Short Stories All the Time

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... a few of my thoughts about 875, mostly contemporary, short stories.
Showing posts with label Brennan. Show all posts
Showing posts with label Brennan. Show all posts

04 August, 2011

Maeve Brennan, "The Anachronism," "The Gentleman in the Pink-and-White Striped Shirt," and "The Joker"

"The Anachronism" was originally published in the New Yorker in January of 1954. Liza Frye lives in Herbert's Retreat with her wealthy husband who apparently does nothing but spend the work day at his club and worry how to keep his money. Liza's biggest concern is how to keep the ladies in her neighborhood of being too pleased with themselves. Naturally, this leads to hilarity for the reader and frustration for "poor" Liza.

Charles Runyon shows up again in "The Gentleman in the Pink-and-White Striped Shirt" stealing his neighbor's newspaper which begins a day of small disasters on his way to meet his benefactress Leona Harkey.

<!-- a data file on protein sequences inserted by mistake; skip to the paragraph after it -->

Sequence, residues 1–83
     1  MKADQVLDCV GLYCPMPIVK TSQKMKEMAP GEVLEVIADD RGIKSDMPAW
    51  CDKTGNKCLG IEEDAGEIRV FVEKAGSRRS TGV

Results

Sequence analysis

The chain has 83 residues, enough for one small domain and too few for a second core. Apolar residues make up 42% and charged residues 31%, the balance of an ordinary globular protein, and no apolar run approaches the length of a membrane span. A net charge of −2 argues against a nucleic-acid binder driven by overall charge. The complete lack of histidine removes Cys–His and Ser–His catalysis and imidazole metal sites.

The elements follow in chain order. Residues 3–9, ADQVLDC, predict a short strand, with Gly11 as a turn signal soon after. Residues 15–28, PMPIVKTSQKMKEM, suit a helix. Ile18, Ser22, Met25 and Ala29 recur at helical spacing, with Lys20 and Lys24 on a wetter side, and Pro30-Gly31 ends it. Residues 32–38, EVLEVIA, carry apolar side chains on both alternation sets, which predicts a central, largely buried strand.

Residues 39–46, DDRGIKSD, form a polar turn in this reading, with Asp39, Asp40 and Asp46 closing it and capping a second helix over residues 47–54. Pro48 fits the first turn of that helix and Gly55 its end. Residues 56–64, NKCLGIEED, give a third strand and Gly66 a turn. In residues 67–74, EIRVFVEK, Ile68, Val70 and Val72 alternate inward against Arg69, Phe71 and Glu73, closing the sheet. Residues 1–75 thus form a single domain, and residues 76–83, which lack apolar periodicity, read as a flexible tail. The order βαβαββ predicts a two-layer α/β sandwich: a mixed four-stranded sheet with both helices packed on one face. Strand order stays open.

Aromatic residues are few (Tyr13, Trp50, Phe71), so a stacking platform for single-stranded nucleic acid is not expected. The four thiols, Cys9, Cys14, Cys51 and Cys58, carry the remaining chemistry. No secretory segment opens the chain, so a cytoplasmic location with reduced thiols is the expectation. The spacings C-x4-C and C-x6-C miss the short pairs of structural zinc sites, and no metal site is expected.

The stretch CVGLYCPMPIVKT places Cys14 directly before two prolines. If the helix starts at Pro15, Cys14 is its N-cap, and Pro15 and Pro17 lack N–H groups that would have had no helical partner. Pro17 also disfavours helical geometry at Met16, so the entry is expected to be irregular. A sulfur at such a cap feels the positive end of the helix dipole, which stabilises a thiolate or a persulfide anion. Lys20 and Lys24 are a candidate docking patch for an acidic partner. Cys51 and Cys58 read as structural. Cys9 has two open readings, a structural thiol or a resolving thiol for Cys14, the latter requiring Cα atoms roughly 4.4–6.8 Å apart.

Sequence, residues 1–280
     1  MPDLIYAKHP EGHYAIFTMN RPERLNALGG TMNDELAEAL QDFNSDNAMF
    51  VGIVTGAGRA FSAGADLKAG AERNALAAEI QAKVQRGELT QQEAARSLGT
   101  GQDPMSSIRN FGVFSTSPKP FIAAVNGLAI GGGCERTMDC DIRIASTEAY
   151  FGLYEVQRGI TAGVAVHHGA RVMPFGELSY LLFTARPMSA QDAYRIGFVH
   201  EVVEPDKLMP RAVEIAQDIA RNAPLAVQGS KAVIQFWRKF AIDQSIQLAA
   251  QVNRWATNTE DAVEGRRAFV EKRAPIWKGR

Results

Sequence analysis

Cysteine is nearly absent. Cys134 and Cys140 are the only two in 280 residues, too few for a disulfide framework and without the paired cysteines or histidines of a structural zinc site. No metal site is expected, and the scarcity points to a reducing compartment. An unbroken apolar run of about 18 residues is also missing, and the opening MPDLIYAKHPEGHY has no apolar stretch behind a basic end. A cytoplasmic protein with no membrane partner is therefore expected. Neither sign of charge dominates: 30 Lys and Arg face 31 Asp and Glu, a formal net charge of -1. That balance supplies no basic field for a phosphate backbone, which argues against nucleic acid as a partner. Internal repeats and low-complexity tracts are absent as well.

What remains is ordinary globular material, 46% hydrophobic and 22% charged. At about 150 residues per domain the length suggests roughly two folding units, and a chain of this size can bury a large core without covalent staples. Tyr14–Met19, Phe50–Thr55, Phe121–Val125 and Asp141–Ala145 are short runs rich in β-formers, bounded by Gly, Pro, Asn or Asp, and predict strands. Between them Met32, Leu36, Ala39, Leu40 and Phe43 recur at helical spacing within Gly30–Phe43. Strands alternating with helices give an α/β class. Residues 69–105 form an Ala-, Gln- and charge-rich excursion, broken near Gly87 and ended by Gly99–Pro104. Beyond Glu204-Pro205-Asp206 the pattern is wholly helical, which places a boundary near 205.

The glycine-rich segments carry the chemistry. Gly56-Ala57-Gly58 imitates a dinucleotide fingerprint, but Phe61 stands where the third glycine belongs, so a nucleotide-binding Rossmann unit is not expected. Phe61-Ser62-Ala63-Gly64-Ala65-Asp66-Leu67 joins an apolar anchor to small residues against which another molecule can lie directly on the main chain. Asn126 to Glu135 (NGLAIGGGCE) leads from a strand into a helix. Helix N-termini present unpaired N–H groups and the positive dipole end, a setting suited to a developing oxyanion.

In "The Joker," Isobel Bailey, another resident at Herbert's Retreat invites waifs to Christmas dinner. I love these stories by Brennan because they let the reader watch wealthy high-society types make fools of themselves and receive their comeuppance revealing their mean spirits.

31 July, 2011

Maeve Brennan, "The View from the Kitchen"

"The View from the Kitchen" was first published in 1953 in the New Yorker. It is a fabulously fun story. Two maids are watching a threesome from the kitchen window.

A husband has recently died and the widow quickly marries another for his view of the Hudson River. The best part of the story is the way we learn the details of the lives of Mr. and Mrs. George Harkey, the late Mr. Finch, and the "friend" Mr. Charles Runyon through the dialogue of Bridie and Agnes, the maids / cooks who are hilarious; I loved this story.

"The View from the Kitchen" is included in the collection entitled The Rose Garden, published in 2000.

Maeve Brennan wrote "The Talk of the Town" for the New Yorker for more than thirty years as The Long-Winded Lady. She died in 1993 at the age of seventy-six. She was from Ireland but moved to the states when she was seventeen.

LINKS:
Wikipedia biography of Brennan
Maeve Brennan, relative's website
link to audio of "Home for the Holidays" and some discussion about Brennan and her homeland